### Edit 2019

You don’t really need the below. Look at the `model.matrix()` function, which converts data frames into matrices for **glmnet** and similar function.

### Original post

Sometimes you need to use a function that wants a numeric matrix as input. One such function is glmnet.cv() which performs lasso regression with cross validation, which is *very cool*. Unfortunately, it is picky about how it wants the input data. Here’s some lines of my code:

fit_cv = cv.glmnet(x = as.matrix(temp_df[predictors]), #predictor vars matrix
y = as.matrix(temp_df[dependent]), #dep var matrix
weights = weights_, #weights
alpha = alpha_) #type of shrinkage

We see that x must be a matrix of the predictors, y must be a matrix with the dependent (usually just one), the weights and alpha are optional, but since I am working with aggregate data I am almost always using weights. Alpha controls the kind of shrinkage used.

All well and good, until it isn’t. In my case, the predictor data.frame contains some factor variables. R actually uses numeric values as its internal representation of these, but displays them with strings. For instance:

DF = data.frame(a = 1:3, b = letters[10:12],
c = seq(as.Date("2004-01-01"), by = "week", len = 3),
stringsAsFactors = TRUE)

Which prints out like this:

> DF
a b c
1 1 j 2004-01-01
2 2 k 2004-01-08
3 3 l 2004-01-15

However, suppose we use my as.matrix solution above, then we get:

> as.matrix(DF)
a b c
[1,] "1" "j" "2004-01-01"
[2,] "2" "k" "2004-01-08"
[3,] "3" "l" "2004-01-15"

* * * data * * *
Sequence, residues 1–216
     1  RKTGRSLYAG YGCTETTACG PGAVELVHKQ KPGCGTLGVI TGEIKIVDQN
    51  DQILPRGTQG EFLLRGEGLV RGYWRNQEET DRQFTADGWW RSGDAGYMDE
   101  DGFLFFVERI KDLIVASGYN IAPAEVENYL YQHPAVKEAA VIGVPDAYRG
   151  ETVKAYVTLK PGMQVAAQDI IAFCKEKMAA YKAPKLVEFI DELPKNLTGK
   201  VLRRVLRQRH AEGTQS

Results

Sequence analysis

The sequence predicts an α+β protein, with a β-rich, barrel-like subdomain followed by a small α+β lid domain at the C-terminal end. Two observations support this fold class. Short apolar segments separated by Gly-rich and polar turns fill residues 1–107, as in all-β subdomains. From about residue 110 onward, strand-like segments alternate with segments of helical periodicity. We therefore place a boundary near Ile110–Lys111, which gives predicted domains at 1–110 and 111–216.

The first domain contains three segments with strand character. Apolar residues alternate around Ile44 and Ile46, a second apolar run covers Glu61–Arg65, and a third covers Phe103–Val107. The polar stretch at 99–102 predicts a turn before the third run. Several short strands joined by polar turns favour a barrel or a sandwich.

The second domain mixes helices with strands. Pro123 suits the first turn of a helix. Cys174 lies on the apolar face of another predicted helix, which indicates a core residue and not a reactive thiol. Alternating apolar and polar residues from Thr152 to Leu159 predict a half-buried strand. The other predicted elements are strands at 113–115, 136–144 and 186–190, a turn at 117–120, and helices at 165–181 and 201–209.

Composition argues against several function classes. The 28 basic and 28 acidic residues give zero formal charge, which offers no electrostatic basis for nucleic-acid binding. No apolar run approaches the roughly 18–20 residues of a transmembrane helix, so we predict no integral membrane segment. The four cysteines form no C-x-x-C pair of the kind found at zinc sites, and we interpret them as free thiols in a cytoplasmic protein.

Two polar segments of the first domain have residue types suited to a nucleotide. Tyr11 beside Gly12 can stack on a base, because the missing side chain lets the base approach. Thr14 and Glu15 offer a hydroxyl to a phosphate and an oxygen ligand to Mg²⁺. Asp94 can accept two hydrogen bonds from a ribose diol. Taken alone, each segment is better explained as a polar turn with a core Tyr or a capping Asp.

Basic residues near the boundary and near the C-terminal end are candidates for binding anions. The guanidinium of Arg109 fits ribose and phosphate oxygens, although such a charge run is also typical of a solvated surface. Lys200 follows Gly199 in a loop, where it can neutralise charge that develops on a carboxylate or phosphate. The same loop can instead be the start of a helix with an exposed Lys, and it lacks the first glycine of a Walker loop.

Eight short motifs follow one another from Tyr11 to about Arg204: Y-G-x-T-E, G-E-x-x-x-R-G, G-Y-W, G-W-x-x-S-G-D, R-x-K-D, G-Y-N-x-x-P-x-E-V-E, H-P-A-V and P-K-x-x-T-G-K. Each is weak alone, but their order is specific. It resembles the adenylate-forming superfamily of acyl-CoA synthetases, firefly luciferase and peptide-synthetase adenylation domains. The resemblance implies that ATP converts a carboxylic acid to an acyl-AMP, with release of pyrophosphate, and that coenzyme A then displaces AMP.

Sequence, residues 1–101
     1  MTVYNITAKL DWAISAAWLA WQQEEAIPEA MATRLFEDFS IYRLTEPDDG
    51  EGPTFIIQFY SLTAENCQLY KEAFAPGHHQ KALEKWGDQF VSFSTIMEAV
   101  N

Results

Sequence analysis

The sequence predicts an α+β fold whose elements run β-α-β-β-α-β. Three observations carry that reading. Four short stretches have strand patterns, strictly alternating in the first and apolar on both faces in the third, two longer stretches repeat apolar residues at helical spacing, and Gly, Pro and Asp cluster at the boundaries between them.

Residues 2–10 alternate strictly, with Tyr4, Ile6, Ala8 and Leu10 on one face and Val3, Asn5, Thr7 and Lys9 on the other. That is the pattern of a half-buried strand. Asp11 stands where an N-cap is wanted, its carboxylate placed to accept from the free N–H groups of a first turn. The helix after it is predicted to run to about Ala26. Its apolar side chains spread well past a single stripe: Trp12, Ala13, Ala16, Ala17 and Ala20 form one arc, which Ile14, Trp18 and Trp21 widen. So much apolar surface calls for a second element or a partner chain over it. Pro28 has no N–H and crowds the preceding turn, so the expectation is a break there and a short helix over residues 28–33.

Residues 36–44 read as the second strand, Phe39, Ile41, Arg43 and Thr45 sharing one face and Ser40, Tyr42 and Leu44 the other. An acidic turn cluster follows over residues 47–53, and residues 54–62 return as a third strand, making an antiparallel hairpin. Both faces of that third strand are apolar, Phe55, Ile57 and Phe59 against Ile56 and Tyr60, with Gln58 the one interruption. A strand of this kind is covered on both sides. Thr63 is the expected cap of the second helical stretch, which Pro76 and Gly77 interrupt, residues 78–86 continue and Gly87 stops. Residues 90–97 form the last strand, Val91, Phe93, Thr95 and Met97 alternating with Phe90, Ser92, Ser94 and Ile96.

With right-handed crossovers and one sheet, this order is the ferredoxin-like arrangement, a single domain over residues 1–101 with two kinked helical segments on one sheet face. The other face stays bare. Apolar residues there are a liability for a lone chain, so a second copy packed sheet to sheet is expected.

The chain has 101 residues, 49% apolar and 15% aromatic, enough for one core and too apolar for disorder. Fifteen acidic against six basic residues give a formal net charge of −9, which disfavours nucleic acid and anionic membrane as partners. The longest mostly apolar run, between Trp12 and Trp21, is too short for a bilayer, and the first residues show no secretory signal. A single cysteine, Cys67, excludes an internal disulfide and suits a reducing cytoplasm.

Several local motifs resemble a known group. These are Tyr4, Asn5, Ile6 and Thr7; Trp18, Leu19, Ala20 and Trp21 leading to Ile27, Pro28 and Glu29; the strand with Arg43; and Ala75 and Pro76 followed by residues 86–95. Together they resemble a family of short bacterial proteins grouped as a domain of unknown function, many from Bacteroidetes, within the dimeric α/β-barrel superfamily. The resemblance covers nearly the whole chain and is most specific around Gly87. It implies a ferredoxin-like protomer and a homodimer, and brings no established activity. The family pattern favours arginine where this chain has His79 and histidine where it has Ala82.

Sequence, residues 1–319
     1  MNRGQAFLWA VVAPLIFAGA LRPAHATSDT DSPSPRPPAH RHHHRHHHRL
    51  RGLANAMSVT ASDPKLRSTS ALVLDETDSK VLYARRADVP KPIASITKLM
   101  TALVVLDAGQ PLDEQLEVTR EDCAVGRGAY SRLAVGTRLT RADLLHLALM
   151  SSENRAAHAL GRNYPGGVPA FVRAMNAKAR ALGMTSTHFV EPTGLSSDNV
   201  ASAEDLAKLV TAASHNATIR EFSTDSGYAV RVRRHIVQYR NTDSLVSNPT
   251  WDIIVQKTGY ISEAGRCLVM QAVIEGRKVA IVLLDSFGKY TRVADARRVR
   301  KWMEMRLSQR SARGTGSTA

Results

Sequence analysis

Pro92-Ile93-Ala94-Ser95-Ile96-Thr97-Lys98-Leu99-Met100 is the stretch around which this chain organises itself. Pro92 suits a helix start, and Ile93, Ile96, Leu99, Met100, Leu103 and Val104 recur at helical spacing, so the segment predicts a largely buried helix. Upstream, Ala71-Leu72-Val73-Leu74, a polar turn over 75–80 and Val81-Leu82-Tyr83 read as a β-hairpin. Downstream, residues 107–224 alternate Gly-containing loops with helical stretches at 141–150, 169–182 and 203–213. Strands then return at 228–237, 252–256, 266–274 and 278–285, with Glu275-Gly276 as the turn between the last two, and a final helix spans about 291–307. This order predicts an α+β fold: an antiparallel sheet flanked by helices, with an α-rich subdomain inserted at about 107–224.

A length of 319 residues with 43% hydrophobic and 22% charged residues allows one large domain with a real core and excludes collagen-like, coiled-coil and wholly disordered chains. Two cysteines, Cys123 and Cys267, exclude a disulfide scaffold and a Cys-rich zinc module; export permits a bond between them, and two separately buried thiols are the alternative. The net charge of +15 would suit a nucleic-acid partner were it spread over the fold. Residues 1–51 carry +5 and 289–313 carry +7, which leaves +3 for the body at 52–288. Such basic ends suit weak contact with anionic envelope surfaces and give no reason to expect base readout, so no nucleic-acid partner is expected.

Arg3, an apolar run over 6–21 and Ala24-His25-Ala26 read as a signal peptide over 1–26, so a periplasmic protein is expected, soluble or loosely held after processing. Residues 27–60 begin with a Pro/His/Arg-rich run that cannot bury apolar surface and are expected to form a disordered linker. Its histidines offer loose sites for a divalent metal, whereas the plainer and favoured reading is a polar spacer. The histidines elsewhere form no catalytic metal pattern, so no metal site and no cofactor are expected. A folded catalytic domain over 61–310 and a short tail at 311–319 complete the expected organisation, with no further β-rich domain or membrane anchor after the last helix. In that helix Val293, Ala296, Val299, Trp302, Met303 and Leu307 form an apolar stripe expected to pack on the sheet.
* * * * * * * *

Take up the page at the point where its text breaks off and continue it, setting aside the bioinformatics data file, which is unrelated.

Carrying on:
Which is not what we wanted. It gave us a character matrix which glmnet.cv() will then throw a nonsensical error about. Their bad error made me spend some time finding the actual error. Save yourself and others time. Always write good error messages for functions that will be used more than a couple of times!

Is there some easy built in way to solve the problem?

> as.numeric(DF)
Error: (list) object cannot be coerced to type 'double'

The easiest solution did not work.

> as.numeric(DF$b)
[1] 1 2 3

However, it does work for a single column. So maybe we can just try using it on all the columns:

> apply(DF, 2, as.numeric)
a b c
[1,] 1 NA NA
[2,] 2 NA NA
[3,] 3 NA NA
Warning messages:
1: In apply(DF, 2, as.numeric) : NAs introduced by coercion
2: In apply(DF, 2, as.numeric) : NAs introduced by coercion

What? What is going on?

> apply(as.matrix(DF), 2, as.numeric)
a b c
[1,] 1 NA NA
[2,] 2 NA NA
[3,] 3 NA NA
Warning messages:
1: In apply(as.matrix(DF), 2, as.numeric) : NAs introduced by coercion
2: In apply(as.matrix(DF), 2, as.numeric) : NAs introduced by coercion

It looks apply() does a silent as.matrix() which then causes the NAs. OK. How do we convert just the factor columns then? Maybe try some of the more fancy built in conversion calls:

> as.matrix.data.frame(DF)
a b c
[1,] "1" "j" "2004-01-01"
[2,] "2" "k" "2004-01-08"
[3,] "3" "l" "2004-01-15"

Nope.

> as.data.frame.matrix(DF)
a b c
1 1 j 12418
2 2 k 12425
3 3 l 12432

Closer, this time the date got converted, but the factor got converted to character, not integers. We could do a loop:

> for (col_idx in seq_along(DF)) {
+ DF[col_idx] = as.numeric(DF[[col_idx]])
+ }
> DF = as.matrix(DF)
> str(DF)
num [1:3, 1:3] 1 2 3 1 2 ...
- attr(*, "dimnames")=List of 2
..$ : NULL
..$ : chr [1:3] "a" "b" "c"

Which works, but now it is getting silly. Maybe some implicit loops:

> lapply(DF, as.numeric)
$a
[1] 1 2 3
$b
[1] 1 2 3
$c
[1] 12418 12425 12432

Closer, but it returns a list, not a matrix. Maybe just try converting:

> as.matrix(lapply(DF, as.numeric))
[,1]
a Numeric,3
b Numeric,3
c Numeric,3

But no no, life isn’t that easy. What about as.data.frame?

> as.data.frame(lapply(DF, as.numeric))
a b c
1 1 1 12418
2 2 2 12425
3 3 3 12432

Huh, that works, but as.matrix didn’t. Oh well, just one final step:

> DF = as.matrix(as.data.frame(lapply(DF, as.numeric)))
> str(DF)
num [1:3, 1:3] 1 2 3 1 2 ...
- attr(*, "dimnames")=List of 2
..$ : NULL
..$ : chr [1:3] "a" "b" "c"

We got what we wanted!

Sometimes, R does not make your life easy.